Simon Porte Jacquemus had a terrible summer. While he hinted at personal strife backstage, he wouldn’t say exactly what happened, letting his strange, melancholic show tell a tale of burden, frustration and unfinished business.
He enlisted his seven-year-old cousin, Jean, to roll out a giant ball wrapped in red fabric, and later, drag a giant red necktie across the circular show set, occasionally stumbling under its weight. (Given that the ushers at Paris shows are known as “cravates rouges,” or red ties, was this a wry comment on the fashion system?) And then a white horse trotted out, symbolizing hope, the designer said, likening his oblique set play to a piece of Italian theater.
The collection was as naïve as ever: Navy jackets, white shirts and red minidresses and skirts dissected into halves, occasionally quarters, and bound to the body with white laces, red sashes or circles of white fabric — circles being a fetish Jacquemus motif.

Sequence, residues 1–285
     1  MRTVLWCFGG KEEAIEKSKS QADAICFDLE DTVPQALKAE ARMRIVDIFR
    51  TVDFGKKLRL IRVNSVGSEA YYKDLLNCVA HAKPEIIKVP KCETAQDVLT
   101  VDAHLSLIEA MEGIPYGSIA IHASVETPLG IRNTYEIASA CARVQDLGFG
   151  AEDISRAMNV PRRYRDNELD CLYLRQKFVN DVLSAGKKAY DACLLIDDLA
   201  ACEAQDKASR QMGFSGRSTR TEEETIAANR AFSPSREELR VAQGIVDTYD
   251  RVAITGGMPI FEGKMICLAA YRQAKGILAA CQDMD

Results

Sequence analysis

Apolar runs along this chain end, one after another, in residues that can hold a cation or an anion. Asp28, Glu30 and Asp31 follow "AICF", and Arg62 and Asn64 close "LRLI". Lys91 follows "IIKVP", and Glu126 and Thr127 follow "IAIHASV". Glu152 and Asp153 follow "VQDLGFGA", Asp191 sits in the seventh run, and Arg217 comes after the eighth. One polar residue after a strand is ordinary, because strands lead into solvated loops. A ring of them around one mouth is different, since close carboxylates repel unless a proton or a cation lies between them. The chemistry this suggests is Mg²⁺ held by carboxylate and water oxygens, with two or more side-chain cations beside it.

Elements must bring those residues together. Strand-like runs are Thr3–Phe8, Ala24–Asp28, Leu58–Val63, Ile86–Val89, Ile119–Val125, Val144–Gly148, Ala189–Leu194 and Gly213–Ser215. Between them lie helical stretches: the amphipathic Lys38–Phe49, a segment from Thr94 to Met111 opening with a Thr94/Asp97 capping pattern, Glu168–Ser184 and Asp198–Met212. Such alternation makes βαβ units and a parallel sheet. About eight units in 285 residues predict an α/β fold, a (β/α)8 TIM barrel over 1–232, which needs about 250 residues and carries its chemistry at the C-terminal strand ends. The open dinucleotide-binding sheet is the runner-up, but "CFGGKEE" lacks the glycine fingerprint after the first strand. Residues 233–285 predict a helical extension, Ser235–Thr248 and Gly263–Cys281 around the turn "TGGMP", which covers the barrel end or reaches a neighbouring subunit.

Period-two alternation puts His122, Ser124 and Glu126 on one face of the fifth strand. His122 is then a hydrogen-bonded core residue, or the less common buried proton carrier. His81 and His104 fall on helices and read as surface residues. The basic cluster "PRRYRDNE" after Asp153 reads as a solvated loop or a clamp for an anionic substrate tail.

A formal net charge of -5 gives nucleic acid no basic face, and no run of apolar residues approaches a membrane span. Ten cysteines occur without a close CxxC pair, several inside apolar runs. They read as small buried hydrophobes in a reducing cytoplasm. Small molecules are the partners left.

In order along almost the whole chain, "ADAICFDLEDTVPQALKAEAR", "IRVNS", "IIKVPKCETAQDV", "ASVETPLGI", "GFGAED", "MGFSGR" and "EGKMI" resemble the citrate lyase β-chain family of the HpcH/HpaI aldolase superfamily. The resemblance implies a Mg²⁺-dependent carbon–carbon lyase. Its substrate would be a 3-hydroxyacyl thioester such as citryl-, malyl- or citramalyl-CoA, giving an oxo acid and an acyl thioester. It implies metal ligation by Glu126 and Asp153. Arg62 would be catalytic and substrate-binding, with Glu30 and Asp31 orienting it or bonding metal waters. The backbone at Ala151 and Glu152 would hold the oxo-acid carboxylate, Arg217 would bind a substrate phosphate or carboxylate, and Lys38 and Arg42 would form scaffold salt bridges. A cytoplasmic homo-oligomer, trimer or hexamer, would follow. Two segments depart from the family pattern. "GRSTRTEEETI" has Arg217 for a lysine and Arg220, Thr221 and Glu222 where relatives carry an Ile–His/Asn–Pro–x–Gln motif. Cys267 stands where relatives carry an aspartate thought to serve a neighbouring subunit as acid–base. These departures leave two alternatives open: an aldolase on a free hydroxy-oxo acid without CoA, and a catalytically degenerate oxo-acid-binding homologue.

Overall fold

As a spectacle, it effectively portrayed the anguish and ache of a young designer whose spring victory — scoring a 150,000-euro ($169,000 at current exchange) special jury award in the second annual LVMH Prize — did not carry over into an idyllic August. Meanwhile, the clothes, while raw and skimpy, were often cute, and sexier than usual. So maybe there is hope.